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DECEMBER HERALDS A SAD BUT VIVID MEMORY OF FOOTBALL, WAR AND DEATH
Schuyler Bishop
December 26, 1983
This true story was told to the author by a friend some years ago.
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December 26, 1983

December Heralds A Sad But Vivid Memory Of Football, War And Death

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"Tuffy Leemans Day has not been a good one for either Tuffy or the Giants," said the announcer. "He's been held to scrimmage on almost every carry. And we just got a report that Mel Hein, who was honored last year, has been taken to the hospital. Nello Falaschi got a bad gash on his shin by a cleat. The Brooks are ahead 14-0, and let me tell you, the Brooks are the ones that look like champs today. O.K. The Giants line up at scrimmage.... There's another announcement. I don't know what's going on, but something sure is. It's a long count. The ball is hiked, it's given to Leemans, there's a hole on the right side, he's through the hole, but he's brought down from the side, and Tuffy's at the bottom of a big pile.... There's a time-out on the field, it looks like an official's timeout. Ladies and gentlemen, I've never heard more people paged at a football game. First it was Colonel William J. Donovan, asked to call Washington, and since then every few minutes someone else has been paged. Wait a minute. I've just been handed a bulletin. Can we get a confirmation? Ladies and gentlemen, this is datelined Washington, D.C.: Early this morning Japanese planes launched a surprise attack on the U.S. Naval base in Pearl Harbor. All servicemen are requested to report to their bases. The ball is in play again. It's a pass. Over the middle, and it's intercepted. Manders intercepted...."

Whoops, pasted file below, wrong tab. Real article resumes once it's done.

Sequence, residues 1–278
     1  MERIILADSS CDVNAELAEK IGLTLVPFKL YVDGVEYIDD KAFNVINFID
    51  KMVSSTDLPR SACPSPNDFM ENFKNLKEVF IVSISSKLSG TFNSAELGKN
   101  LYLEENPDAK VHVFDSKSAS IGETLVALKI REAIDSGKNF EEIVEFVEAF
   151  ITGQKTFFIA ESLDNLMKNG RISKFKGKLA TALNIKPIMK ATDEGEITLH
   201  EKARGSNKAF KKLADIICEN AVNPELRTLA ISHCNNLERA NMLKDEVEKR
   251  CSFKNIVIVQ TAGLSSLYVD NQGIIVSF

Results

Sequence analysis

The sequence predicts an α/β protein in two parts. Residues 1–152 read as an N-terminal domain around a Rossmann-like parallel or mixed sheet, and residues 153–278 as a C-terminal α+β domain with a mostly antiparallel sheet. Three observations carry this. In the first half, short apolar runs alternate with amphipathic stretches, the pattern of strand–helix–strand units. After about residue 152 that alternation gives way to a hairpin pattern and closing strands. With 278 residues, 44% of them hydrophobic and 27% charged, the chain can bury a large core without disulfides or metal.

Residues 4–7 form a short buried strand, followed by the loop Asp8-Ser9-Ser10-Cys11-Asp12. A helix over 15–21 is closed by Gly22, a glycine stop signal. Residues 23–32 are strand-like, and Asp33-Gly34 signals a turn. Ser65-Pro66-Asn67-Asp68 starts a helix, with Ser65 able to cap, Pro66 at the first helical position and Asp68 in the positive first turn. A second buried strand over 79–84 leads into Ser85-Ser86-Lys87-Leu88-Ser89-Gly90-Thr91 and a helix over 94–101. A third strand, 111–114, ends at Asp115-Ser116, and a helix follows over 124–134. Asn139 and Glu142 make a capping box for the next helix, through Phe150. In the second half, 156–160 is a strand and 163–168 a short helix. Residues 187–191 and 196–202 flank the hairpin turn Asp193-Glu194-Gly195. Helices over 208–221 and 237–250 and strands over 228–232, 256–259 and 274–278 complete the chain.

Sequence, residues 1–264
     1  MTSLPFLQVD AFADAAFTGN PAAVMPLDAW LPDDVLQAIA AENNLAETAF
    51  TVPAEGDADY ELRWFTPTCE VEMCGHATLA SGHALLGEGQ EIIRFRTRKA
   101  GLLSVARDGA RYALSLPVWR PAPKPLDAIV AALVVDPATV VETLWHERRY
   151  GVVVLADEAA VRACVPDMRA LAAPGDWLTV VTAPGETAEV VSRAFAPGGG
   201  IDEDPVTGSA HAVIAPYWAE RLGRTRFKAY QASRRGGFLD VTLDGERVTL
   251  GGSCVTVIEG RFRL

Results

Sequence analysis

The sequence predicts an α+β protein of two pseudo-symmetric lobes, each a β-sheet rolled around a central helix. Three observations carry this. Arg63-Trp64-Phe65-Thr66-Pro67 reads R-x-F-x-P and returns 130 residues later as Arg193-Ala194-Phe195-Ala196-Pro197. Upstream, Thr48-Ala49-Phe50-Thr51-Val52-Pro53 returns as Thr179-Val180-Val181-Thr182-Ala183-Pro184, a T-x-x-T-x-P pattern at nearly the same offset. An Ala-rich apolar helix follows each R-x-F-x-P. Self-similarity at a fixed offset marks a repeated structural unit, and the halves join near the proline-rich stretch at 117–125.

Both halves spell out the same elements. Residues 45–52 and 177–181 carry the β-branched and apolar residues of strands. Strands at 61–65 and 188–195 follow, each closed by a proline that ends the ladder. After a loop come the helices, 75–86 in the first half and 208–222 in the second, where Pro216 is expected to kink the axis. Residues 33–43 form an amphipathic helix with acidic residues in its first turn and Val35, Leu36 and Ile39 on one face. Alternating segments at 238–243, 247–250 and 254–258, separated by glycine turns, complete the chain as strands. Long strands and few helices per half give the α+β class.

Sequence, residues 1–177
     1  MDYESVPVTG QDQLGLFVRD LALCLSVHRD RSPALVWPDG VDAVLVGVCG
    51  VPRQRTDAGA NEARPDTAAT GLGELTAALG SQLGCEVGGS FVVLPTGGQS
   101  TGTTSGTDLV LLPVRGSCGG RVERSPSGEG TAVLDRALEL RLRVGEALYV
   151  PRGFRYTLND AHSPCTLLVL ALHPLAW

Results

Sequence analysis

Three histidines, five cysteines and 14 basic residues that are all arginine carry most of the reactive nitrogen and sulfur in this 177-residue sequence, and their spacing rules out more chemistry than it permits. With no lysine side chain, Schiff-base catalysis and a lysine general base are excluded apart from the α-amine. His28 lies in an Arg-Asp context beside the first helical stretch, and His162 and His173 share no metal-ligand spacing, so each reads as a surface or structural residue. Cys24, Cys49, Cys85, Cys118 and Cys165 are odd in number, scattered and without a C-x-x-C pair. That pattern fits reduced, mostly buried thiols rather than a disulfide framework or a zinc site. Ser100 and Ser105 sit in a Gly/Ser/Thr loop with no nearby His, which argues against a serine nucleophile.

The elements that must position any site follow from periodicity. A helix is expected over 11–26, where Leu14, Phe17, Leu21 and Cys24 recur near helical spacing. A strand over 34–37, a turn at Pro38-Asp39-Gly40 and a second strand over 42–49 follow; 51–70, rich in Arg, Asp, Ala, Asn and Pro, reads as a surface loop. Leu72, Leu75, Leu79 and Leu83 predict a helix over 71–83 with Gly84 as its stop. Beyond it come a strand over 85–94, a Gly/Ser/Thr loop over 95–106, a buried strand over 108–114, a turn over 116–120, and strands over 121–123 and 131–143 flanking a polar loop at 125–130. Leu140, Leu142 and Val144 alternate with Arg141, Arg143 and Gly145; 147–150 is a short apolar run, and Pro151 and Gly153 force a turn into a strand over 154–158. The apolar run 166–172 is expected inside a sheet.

I shut the radio off and pushed open the door. I almost called "Dad," but then I remembered Nanna and how I'd been forbidden to listen to the radio. I pulled the door shut, afraid someone had seen me. I knew my parents would want to hear, but I didn't know how I could tell them. They'd been talking about the Japanese all week. I thought maybe I'd imagined what I'd heard, so I turned the radio back on. The game continued, but you'd hardly have known it because the announcer kept reading bulletins and repeating them over and over again. I knew I had to do something. I shut the radio off. I knew if my father thought I had disobeyed again he'd keep me in past Christmas—and with my Nanna in there. I thought I could say that everyone was talking about it, that someone in a passing car had honked his horn and told me. But the street was as quiet as ever. Then I remembered that Old Doc Kellner's drugstore just two blocks away had a radio. I wasn't supposed to go in there either, but Uncle Dan had given me money to get myself a honey bun, and I figured I could say it was the only place open, that I didn't want to go in there.... No, I thought, I could say I didn't go in there, that I had asked a man standing out front to go in for me and that he had told me.

I snuck back up to the end of the block, crossed the street and then ran all the way home. When I burst in the door, everyone turned to look at me.

"What's the matter, dear?" my mother asked.

"The Japanese have attacked Pearl Harbor," I said too loud.

All at once people said, "What?" and "Oh my God" and " Pearl Harbor?"

Uncle Dan said there was a radio in my room. They all looked at one another and then at me. Uncle Dan led the rush up the stairs. Only three of the old women stayed in the parlor. "God help us," said one. I looked in at Nanna's coffin, then ran upstairs.

No one ever asked me where I'd heard the news, not even Uncle Roy. The Brooks won 21-7, and I lost my allowance to Tommy. Uncle Dan enlisted in the Navy the next day and was assigned to the aircraft carrier Hornet; it was less than a year before we put another black wreath on the door.

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